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Keywords: Family

There are more than 200 results, only the first 200 are displayed here.

  • AUSTRALIA

    Australia's dysfunctional housing quagmire

    • Peter Mares
    • 12 April 2024

    The ABC’s recent Q+A housing special left many questions unasked and unanswered. Labor, Coalition and Green MPs all say they want more people to be able to buy their own homes. The most obvious way to achieve that would be to reduce the price of housing. Yet no politician will make that an explicit policy aim.

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  • ARTS AND CULTURE

    Between sense and sensation

    • Nathan Scolaro
    • 11 April 2024

    Can a chatbot write a poem? The answer reveals something about the heart of human interaction. True connection, like true poetry, requires discomfort, vulnerability and a richness of experience that defies the simplicity of algorithms.  

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  • INTERNATIONAL

    When war becomes personal

    • Andrew Hamilton
    • 10 April 2024

    Our attitudes to war change drastically when it becomes personal. The killing of Zomi Frankcom, together with other members of the Charity organisation World Central Kitchen, made the war between Israel and Hamas personal. It has led many people to see the destruction of Gaza and its people as not only regrettable but intolerable.

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  • INTERNATIONAL

    Kate Middleton and the end of all boundaries

    • Laura Kings
    • 09 April 2024

    In a world where the public appetite for private news on public figures is insatiable, how do we foster ethical media behaviour that respects privacy and dignity in situations like this? Would well-wishes for Kate's recovery, even before her diagnosis was public, have been too much to ask?

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  • ARTS AND CULTURE

    Nam Le's 36 Ways of Writing a Vietnamese Poem

    • Peter Craven
    • 05 April 2024

    Nam Le is one of the strangest writers in the history of Australian literature and is also one of the most incandescently brilliant — which is very weird if you bear in mind that his primary claim to legendary status is a book of short fiction published in 2008. With 36 Ways of Writing a Vietnamese Poem, Le returns with a new work that encapsulates the brilliance and complexity that fans and critics have come to expect.

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  • AUSTRALIA

    Dodgy brothers lawmaking

    • Andrew Hamilton
    • 04 April 2024

    This week, the Federal Government quickly introduced a new policy in response to a recent High Court decision that prevents them from indefinitely detaining a small number of individuals they wish to remove from Australia.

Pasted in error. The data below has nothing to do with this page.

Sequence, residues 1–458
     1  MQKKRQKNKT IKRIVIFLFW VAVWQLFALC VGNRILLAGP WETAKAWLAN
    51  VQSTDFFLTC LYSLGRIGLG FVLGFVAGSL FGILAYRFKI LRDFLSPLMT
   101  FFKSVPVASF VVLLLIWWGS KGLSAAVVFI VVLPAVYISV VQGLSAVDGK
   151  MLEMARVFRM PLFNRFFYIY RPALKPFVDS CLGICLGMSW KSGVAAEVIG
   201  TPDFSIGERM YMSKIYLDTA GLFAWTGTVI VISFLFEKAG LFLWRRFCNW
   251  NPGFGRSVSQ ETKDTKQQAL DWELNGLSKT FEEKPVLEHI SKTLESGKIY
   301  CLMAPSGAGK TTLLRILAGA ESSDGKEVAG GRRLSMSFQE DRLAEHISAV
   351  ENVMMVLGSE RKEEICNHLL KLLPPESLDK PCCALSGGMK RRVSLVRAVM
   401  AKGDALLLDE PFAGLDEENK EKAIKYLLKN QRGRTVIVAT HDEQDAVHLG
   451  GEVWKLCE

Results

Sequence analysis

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  • RELIGION

    Flowers for Father Rahner

    • John Honner
    • 02 April 2024

    Karl Rahner, a Jesuit priest whose ideas helped modernize the Church, left an indelible legacy on contemporary Catholicism. On the 40th anniversary of his death, what can a flower left at his niche tell us about the lasting bonds between belief, memory, and the enduring search for human connection?

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  • AUSTRALIA

    Tunes, tales and true connections

    • Julian Butler
    • 02 April 2024

    There is beauty in returning to places that experience has made so full of memory that they have become layered with meaning. Just as there is in hearing music that you have listened to at different moments of your life, and that is filled with meaning, not just for you, but even moreso for the artist standing before you and in myriad different ways for the audience with you. 

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  • ARTS AND CULTURE

    Sins of the fathers

    • Ken Haley
    • 29 March 2024

    Recent years have made clerical child sexual abuse a badge of shame within Australia’s Catholic hierarchy, and rightly so. But Anne Manne’s new book, Sins of the fathers, will give pause to those who blame these offences on the rule of hieratic celibacy.

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  • AUSTRALIA

    Spare the rod and respect the child

    • Andrew Hamilton
    • 28 March 2024

    As a response to a wave of youth crime, some State Governments and Federal politicians have committed to policies that neglect the human reality of the young people concerned. This will likely have negative consequences both for those immediately affected and for society at large.

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  • AUSTRALIA

    Shifting the goalposts on discrimination and inclusion

    • Michael McVeigh
    • 28 March 2024

    How do we live and work happily together with people whose views on the world and human nature are fundamentally different to our own? Can different beliefs within organisations be lived with, or even celebrated, without necessarily undermining the organisation’s own core mission?

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  • INTERNATIONAL

    Why do referendums bite the dust?

    • Andrew Hamilton
    • 21 March 2024

    Much like Australia's recent Indigenous Voice Referendum, the recent Irish referendum sought to change constitutional perspectives on family and marriage met with overwhelming defeat. What does this reveal about the relationship between public sentiment and the process of enacting constitutional changes?

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